Windows Taskbar context menu for open apps always had an option to End Task that can quickly close a running application. It came in handy in case the program stopped responding. The option was removed but has not made it back to Windows. In this post, we will show you can enable or show the End task item in the Taskbar context menu of Windows 11.
How to show End Task item in the Taskbar Context Menu of Windows 11
There are two methods you can use to show the End task item in the Taskbar Context menu, as given below:
- Enable End Task via Windows Settings
- Enable End Task via Registry Editor
- Enable End Task via Windows Terminal
You will need admin permission to execute some of these suggestions.
1] Enable End Task via Windows Settings
- Open Windows Settings and click the System option on the left pane. Next, click the For developers option on the right.
- Locate the End Task option on the right and toggle it to enable the end task in the Taskbar with a right-click.
- Once you are done, close the Windows Settings app.
So, that is it! Therefore, all running app icons in the taskbar will show a new End task item in the context menu when you right-click it.
An easy way to get to the For developers settings page is to use the ms-settings:developers command. Press the Windows key + R to open the Run dialog box, type the command, and press the Enter key to open the For developers page.
2] Enable End Task via Registry Editor
- Open Registry Editor and copy and paste the path given below:
Note: If the TaskbarDeveloperSettings key is not installed, right-click the Advanced subkey in the left pane, choose New > Key from the context menu, and name it TaskbarDeveloperSettings.
- Double-click the TaskbarDeveloperSettings key. In the Edit DWORD (32-bit) Value pop-up window, type 1 into the Value data column and press OK.
- If you do not have the DWORD, right-click the DeveloperSettings key on the left and click New > DWORD (32-bit) Value from the context menu. Next, name it TaskbarEndTask.
- You can set its value to 1, as mentioned above, and you will see the End task option for the apps in the taskbar when you right-click them. To disable the feature, you can set the Value data to 0 and press the OK button to save the changes.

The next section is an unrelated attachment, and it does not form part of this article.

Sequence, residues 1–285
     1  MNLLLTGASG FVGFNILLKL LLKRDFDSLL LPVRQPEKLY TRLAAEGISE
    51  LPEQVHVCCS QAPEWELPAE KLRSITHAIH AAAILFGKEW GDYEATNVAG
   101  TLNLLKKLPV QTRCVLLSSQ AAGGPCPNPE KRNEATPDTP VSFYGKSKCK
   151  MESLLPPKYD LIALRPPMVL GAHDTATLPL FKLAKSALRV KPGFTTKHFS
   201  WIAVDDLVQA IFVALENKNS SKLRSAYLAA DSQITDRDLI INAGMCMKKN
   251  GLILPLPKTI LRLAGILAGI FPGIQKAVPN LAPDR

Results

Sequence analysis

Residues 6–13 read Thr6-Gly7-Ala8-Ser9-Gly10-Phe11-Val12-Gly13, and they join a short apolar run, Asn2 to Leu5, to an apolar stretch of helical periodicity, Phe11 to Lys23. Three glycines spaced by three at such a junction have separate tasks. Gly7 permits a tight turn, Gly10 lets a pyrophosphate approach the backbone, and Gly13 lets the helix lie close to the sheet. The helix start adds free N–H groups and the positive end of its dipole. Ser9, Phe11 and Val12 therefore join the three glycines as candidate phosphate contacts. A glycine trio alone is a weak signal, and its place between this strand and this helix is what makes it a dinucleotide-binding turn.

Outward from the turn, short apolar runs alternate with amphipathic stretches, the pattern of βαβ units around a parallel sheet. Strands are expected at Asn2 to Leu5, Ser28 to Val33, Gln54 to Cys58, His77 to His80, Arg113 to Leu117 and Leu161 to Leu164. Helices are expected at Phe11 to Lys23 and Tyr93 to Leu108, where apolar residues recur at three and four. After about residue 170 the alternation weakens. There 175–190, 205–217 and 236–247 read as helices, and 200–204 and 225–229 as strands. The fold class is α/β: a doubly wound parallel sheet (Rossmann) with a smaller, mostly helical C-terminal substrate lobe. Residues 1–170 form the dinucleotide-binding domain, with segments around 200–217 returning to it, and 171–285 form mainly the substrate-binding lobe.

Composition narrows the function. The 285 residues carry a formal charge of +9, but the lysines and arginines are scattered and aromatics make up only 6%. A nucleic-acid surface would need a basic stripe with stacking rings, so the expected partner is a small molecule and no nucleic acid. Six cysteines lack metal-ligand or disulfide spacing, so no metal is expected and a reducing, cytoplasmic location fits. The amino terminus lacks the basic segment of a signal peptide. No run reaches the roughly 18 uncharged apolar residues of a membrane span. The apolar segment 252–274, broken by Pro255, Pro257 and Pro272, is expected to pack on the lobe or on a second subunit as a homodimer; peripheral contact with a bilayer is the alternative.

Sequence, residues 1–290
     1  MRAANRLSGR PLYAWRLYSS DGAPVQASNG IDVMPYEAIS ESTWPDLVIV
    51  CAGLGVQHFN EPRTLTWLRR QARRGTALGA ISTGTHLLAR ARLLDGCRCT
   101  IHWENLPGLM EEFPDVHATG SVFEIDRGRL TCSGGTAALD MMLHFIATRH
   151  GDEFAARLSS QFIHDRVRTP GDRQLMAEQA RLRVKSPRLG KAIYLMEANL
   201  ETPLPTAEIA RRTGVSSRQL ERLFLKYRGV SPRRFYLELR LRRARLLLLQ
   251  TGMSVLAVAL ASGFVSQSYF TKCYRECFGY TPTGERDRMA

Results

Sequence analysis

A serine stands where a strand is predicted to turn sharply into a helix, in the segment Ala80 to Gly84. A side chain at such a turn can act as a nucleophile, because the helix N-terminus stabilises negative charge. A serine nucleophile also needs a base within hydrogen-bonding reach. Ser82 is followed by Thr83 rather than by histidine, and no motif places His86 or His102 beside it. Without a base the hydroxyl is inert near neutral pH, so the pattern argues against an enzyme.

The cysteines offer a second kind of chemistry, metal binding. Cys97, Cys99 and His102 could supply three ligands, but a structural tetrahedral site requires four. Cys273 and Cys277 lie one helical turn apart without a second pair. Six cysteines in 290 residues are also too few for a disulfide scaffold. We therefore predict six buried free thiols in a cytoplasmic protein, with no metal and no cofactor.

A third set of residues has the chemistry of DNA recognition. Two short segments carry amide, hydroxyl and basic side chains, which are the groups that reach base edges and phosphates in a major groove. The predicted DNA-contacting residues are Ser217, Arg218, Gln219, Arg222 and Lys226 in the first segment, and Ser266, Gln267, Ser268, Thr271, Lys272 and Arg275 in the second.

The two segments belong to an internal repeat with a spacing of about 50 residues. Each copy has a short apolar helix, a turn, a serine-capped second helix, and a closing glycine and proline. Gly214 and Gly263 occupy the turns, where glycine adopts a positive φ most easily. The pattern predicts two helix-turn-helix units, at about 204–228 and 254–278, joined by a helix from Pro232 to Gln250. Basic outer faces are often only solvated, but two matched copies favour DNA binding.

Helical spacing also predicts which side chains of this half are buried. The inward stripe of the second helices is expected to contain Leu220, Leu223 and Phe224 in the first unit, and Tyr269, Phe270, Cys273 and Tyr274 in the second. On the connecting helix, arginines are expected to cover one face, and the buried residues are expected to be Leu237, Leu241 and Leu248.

3] Enable End Task via Windows Terminal
Using the Windows Terminal is another way to bring the End task option for taskbar applications in the context menu. Follow the steps given below to enable it:
- Open Windows Terminal (Admin), copy and paste the command given below, and press the Enter key to activate the command:
reg add HKCU\Software\Microsoft\Windows\CurrentVersion\Explorer\Advanced\TaskbarDeveloperSettings /v TaskbarEndTask /t REG_DWORD /d 1 /f
This will make the End Task item available from the taskbar’s right-click menu for app icons.
- To undo the command you activated, copy and paste the command given below and press the Enter key.
reg add HKCU\Software\Microsoft\Windows\CurrentVersion\Explorer\Advanced\TaskbarDeveloperSettings /v TaskbarEndTask /t REG_DWORD /d 0 /f
The Windows 11 Taskbar’s new End task feature is easy to use and saves time, especially when you need to end an unresponsive or frozen app. Launching Task Manager, finding the application, and closing it is no longer necessary. It is crucial to remember that you will still have access to your familiar context menu items, such as the Close window option.
Now, if you try to right-click the Taskbar shortcut button for any program, the context menu will display the new End task option. This post also provides instructions to disable the previously mentioned option if you remove the End task option from the Taskbar context menu.
How do I force end a task without a Task Manager?
You can keep pressing ALT + F4 or the close button of the app until the task becomes unresponsive and Windows brings up the prompt to close it. It comes in handy when the Task Manager itself becomes unavailable.
How do you end a task in CMD?
When using Command Prompt (CMD) on Windows, the “taskkill” command is used to terminate tasks. Its syntax is “taskkill /f /im [process image name],” where “/f” forces termination and “/im” specifies the process image name. For example, to terminate “notepad.exe,” use “taskkill /f /im notepad.exe.” However, it’s important to exercise caution as this command forcefully terminates processes without allowing for data saving or clean shutdowns.